Monday, March 23, 2009

The Phantom Tollbooth: MGM (1970): Irv Spector (Uncredited)

In the personal collection of my father's leftovers, The Phantom Tollbooth, ironically, takes up more volume than practically anything else. Here's the most interesting piece I own: the early meeting minutes of the minds:

It's tough to say why a film falls flat. Sure, it's a simple exercise many of us play, to pick at a film after the fact. But who knows, decades later, why strong veteran talent can't bring a film up to, at the least, average level? Certainly, no one starts out to make a dull flick. My dad is uncredited on Phantom; not sure why, but it happens. Maybe Jones had a crystal ball and was doing my dad a favor. And now I’m undoing that favor. Ain’t it just like a son to revisit the sins of the father?

I got hundreds of pages just like the ones above.

However, here's how my dad found out about the non-credit: My dad, my good schoolfriend Danny (whose favorite book was The Phantom Tollbooth) and myself, went to see a screening of the film, probably at the Screenwriters Guild, where I saw a lot of screenings in the sixties. The lights go out, the opening credits roll, and my father's name is not to be found. We sat through the movie, drove Danny home, and then my father turned red and got real empahsize, I mean, REAL angry. This was one of maybe a half-dozen times in his life I have ever seen him like that -- where you hold your anger inside for a few hours, then turn lava red, and finally go off like a volcano. He said he would have walked out at the beginning were if not for us kids being there.
Phantom being, I believe, MGM Animation's final release before their demise, I think my father must have been on to another studio by the time of its release, and so had no idea. The minutes are from 1966 but the film wasn't released until 1970. I think it was finished in 1968 and held back.
Here are a few pages of my father's treatment. And I got a lot more just like them. My own feeling about the film is that episodic allegory that is too literal -- therefore defeating the purpose of allegory in the first one requries allegory spelt out for them -- does not make for great film:

I happened to watch Phantom on TCM last Tuesday (I lasted about an hour and then went to bed.) On the above page, you can see my dad used Danny's name -- later changed to "Ralph" by Chuck's request -- because, in my father's words, Chuck thought names like "Ralph" were funnier. I can't argue with that. It's true. My name, "Paulie" was completely omitted from the final script, which I had been already made aware of at the time it happened. No big deal to me. By the way, no one ever called me "Paulie" in my youth, until 25 years later, when I became a Made Man in Little Italy. However, the dialogue about me "taking his drum lesson" was absolutely true at that time.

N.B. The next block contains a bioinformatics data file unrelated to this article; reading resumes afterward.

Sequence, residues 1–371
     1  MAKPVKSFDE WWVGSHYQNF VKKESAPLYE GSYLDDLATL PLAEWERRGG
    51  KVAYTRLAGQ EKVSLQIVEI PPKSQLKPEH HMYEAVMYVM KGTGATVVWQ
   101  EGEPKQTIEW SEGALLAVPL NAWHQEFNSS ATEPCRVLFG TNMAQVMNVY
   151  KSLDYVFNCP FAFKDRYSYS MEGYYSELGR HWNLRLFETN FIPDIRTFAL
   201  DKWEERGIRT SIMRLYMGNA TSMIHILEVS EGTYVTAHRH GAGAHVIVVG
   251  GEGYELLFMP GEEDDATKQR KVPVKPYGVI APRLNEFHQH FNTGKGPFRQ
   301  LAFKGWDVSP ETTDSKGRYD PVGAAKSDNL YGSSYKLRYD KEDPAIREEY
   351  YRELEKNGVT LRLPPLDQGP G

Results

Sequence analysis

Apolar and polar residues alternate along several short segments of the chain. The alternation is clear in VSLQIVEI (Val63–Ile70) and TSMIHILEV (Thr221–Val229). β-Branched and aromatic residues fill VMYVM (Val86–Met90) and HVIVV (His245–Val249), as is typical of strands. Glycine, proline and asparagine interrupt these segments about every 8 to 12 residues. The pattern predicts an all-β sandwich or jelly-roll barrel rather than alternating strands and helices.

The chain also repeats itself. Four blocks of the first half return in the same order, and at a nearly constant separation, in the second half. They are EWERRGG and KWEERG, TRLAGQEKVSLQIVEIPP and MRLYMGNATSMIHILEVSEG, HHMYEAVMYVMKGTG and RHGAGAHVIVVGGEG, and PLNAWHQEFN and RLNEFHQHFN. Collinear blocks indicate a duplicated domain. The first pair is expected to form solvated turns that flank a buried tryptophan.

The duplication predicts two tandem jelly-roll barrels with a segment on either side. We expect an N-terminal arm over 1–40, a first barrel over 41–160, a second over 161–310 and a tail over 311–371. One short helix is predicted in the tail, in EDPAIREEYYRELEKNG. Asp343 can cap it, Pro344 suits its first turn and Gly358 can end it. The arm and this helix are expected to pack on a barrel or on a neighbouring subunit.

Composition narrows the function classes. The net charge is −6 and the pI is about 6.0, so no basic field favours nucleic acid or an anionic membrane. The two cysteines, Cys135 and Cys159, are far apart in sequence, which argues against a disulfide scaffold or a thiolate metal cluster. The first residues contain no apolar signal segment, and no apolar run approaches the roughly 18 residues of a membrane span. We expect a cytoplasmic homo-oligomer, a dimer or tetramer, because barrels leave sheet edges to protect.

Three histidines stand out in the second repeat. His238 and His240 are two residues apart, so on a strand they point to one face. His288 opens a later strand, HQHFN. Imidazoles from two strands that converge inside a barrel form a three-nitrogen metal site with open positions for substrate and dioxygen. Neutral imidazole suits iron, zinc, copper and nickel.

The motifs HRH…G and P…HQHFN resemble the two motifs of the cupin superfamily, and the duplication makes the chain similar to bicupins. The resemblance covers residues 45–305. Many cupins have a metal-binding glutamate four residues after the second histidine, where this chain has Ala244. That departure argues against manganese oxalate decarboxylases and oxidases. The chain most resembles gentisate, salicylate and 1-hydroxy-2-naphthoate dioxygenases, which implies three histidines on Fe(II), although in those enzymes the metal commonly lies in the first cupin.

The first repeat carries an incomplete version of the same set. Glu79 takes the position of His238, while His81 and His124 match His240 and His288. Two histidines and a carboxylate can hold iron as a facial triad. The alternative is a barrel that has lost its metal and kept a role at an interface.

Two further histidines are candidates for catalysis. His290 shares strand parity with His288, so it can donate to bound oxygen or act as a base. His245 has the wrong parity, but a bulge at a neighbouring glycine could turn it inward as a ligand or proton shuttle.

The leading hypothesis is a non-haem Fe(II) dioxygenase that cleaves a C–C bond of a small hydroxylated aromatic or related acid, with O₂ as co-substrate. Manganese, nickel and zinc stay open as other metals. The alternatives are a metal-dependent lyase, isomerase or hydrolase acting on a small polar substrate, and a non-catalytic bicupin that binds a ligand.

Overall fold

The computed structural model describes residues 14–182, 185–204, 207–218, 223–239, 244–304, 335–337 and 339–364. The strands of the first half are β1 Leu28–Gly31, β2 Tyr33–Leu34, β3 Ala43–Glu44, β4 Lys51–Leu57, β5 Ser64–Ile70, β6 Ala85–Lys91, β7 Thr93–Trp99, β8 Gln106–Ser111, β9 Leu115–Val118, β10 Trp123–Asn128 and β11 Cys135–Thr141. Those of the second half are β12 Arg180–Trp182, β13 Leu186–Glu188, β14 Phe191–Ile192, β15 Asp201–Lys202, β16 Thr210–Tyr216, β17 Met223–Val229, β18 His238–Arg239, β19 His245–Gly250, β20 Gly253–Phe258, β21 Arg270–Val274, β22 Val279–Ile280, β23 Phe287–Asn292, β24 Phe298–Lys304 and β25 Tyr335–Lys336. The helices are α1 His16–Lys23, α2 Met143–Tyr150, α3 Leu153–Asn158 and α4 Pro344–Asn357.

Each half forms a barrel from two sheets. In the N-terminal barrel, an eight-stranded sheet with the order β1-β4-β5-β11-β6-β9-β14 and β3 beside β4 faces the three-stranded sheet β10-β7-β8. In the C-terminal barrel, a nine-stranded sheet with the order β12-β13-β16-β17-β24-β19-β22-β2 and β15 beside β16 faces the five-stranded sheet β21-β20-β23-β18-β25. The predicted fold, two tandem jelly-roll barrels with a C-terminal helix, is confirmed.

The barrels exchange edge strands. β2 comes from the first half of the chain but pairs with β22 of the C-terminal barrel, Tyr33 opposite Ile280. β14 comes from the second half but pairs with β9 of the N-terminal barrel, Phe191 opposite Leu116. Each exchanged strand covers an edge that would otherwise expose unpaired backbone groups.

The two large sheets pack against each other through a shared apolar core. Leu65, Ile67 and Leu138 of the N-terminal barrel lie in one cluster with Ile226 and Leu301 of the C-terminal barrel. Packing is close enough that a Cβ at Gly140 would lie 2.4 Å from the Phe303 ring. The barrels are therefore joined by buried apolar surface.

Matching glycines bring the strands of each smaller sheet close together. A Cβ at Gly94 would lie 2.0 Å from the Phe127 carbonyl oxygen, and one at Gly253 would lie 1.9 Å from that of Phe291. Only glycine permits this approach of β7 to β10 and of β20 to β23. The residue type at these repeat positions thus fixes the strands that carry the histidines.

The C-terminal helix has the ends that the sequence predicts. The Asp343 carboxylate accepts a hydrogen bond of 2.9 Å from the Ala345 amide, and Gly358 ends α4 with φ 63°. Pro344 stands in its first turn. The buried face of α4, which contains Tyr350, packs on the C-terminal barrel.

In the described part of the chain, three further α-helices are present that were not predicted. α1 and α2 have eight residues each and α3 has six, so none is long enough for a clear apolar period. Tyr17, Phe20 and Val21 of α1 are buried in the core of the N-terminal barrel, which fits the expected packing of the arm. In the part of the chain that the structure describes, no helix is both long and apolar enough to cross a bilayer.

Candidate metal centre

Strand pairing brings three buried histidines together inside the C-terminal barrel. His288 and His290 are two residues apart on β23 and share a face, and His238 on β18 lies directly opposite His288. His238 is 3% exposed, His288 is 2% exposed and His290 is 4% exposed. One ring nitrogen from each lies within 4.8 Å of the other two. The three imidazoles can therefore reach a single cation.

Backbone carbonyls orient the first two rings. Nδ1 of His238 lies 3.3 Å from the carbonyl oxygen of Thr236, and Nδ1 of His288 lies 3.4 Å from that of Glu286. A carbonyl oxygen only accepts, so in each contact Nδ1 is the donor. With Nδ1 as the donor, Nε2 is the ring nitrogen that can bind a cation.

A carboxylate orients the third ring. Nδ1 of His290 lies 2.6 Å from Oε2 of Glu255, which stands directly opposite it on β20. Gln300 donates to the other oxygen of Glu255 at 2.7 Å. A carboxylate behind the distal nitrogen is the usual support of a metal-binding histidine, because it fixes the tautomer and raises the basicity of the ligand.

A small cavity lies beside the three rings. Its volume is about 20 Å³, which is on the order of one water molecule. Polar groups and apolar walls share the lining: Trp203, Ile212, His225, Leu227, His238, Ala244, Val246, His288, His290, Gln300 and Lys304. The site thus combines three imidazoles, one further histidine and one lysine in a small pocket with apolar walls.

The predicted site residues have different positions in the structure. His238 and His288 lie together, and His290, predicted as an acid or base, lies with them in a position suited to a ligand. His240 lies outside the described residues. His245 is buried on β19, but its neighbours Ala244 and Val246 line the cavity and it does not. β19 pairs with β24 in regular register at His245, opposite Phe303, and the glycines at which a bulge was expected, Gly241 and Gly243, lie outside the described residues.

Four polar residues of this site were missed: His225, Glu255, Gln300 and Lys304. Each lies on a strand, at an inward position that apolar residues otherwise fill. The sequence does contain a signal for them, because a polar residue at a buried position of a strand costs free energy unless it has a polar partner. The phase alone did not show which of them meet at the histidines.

I'm deliberating whether or not to post pictures here, as all I have are a mess of faded old photocopies...okay then, I hear ya, hold on, I'll scan them. I doubt they're my father's. And, if not Chuck's, then Tony Rivera would be my guess.

So let's forget Phantom. Here's an anecdote even more interesting about another time when my father blew his stack. You gotta love stack blowing -- the true essence of a person: Earlier in the 1960s, Ed Graham (Linus) was over at our apartment. Me? I was still in elementary school at that point. Ed was, chronologically, a grown man. I was chatting in our living room along with the rest of the adults. I told Ed that I was one of the fastest runners in my school. Ed challenged me to a race, right there, on the sidewalks of Magnolia Blvd. I was game. We go downstairs. We race. He beats me. I figured he would too. We go back upstairs. My dad asks who won? I say Ed. Quiet from my dad. Ed and his wife leave about an hour later. My dad blows his stack! My dad yells something to the effect of, "Beating a kid! He always has to be so damn competitive!" Although I'm using damn as a euphemism.

1 comment:

Ger Apeldoorn said...

The leaving off or demoting of credits is something that's still going on. I have heard that one studio plays down credits of artists that have moved on to another studio in favor of those that stay with them.